You get the picture -- Entropa insults every single nation in the Union like that. France is perpetually on strike, Scotland is a bunch of shitty marshlands and a set of bagpipes that fart out random tunes, Sweden is an IKEA box, and the Czech Republic shat a brick as it realized it had just started its reign by brutally mocking every single one of its friends.
It was soon found that the whole "27 artists" thing was a complete fabrication. Entropa was the work of none other than Czech artist David Cerny, a familiar face on Cracked's statue lists and a professional waver of sculpture-shaped middle fingers.
Some of them more literal than others.
The rest of the story is Politics 101. The Czech Republic immediately removed Entropa and apologized to everyone, and the first order of their presidency was to relocate Cerny to Antarctica.
Ha, no! They totally displayed the piece for well over a year after the Czech EU presidency ended, and after that they put it on permanent display in an esteemed science center. Cerny waltzed away with a shit-eating grin and is still gleefully wreaking havoc with works like ...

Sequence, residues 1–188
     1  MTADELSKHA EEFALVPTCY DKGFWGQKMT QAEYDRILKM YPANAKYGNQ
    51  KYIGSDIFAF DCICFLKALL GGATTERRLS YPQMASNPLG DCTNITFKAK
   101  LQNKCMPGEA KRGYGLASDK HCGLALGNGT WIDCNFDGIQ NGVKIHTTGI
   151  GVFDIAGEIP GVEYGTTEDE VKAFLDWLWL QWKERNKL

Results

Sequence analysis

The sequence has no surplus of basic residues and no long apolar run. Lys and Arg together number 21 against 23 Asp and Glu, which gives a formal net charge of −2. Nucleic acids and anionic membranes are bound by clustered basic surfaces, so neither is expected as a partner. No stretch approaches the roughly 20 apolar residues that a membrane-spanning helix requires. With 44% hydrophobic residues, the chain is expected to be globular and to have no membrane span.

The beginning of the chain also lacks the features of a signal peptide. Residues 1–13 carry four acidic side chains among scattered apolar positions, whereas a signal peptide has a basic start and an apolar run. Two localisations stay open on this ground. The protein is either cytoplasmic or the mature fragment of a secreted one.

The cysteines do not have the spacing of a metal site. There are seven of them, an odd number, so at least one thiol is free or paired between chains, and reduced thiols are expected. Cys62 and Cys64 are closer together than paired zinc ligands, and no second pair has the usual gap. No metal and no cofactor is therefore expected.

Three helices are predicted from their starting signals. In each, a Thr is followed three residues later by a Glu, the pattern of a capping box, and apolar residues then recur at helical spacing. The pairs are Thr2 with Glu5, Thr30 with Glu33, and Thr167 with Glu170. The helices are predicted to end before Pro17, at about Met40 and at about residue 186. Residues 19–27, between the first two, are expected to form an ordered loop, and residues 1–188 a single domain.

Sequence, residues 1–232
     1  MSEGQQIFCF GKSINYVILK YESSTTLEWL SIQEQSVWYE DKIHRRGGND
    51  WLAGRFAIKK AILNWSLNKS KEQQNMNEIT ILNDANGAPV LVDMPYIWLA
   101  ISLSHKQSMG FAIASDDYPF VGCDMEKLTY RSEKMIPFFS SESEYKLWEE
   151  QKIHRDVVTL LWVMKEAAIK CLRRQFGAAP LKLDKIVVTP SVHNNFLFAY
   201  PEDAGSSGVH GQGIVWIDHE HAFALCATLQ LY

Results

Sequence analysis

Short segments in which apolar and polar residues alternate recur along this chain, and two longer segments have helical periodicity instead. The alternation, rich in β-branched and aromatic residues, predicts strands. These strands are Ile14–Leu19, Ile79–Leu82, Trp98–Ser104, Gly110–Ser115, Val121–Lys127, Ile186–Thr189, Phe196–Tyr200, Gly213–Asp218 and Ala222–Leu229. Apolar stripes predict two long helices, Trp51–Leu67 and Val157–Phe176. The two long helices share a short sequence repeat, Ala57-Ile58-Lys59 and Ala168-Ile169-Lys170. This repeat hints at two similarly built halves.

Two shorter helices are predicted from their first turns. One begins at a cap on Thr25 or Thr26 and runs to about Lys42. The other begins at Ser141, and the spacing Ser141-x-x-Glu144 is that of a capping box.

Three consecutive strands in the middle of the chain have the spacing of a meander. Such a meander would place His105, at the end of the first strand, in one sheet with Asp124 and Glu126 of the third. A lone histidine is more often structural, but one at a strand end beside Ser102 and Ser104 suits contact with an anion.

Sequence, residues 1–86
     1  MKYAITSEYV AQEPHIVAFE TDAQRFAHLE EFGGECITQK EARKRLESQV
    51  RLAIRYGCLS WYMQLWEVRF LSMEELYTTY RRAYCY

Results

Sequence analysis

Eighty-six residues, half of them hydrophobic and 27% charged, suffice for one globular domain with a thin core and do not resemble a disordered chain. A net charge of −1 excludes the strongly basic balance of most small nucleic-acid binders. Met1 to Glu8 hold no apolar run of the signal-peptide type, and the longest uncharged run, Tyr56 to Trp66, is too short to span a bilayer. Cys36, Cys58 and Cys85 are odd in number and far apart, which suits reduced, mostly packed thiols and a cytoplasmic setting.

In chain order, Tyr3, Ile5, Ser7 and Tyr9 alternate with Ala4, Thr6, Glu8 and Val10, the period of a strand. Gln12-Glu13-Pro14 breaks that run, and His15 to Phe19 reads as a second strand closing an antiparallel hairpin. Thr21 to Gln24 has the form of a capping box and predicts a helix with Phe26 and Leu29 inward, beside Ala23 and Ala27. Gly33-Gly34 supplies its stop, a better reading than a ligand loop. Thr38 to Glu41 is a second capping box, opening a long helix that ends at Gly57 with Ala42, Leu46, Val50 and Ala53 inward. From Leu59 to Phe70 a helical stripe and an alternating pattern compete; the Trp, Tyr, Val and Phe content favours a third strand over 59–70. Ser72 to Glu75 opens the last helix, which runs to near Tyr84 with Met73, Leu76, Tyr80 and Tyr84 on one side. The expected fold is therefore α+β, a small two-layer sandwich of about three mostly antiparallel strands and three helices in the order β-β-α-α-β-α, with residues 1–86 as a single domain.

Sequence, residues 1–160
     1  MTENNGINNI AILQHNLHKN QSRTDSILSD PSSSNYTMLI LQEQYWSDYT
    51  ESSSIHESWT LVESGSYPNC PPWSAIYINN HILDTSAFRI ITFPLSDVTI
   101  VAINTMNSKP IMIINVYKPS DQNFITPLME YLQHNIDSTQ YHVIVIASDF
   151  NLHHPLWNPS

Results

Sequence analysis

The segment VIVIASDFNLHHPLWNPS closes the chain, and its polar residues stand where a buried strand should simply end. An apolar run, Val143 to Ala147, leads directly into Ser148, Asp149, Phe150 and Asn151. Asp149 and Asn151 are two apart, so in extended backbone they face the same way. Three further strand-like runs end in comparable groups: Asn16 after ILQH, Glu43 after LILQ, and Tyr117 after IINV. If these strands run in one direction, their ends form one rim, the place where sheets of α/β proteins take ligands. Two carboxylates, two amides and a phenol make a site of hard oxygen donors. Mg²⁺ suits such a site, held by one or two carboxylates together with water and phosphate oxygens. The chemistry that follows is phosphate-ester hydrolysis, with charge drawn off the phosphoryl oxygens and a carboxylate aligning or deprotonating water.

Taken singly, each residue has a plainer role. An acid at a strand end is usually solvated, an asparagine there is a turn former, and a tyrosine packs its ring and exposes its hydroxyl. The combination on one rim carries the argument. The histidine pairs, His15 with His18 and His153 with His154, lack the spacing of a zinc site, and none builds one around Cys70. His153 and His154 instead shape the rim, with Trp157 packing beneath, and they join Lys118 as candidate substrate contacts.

St. Wenceslas Riding a Dead Horse -- Prague, Czech Republic
Central to the city of Prague is the mighty statue of St. Wenceslas, patron saint of the city and the "Good King Wenceslas" of that Christmas carol you sort of remember hearing once.
The one about horses and spears.
However, take a wrong turn while looking for the monument and you might wind up with a very different experience. Lurking within an otherwise unassuming passageway of the nearby Lucerna Palace, just a couple of hundred feet from the original, is David Cerny's version of this holy man and national hero:
Riding that horse's penis is a nice touch.
The statue was originally meant for the main post office, but for some reason the director wasn't too thrilled about it. So Cerny went all out and installed it as close to the original as humanly possible, thus establishing once and for all that in the Czech Republic, "artist" is just another word for "professional troll."
Isaac Newton Getting His Freak On -- London, England
What is this strange statue by the British Library in London? Is it supposed to be a robot? A particularly creepy marketing campaign for the newest Soul Calibur game?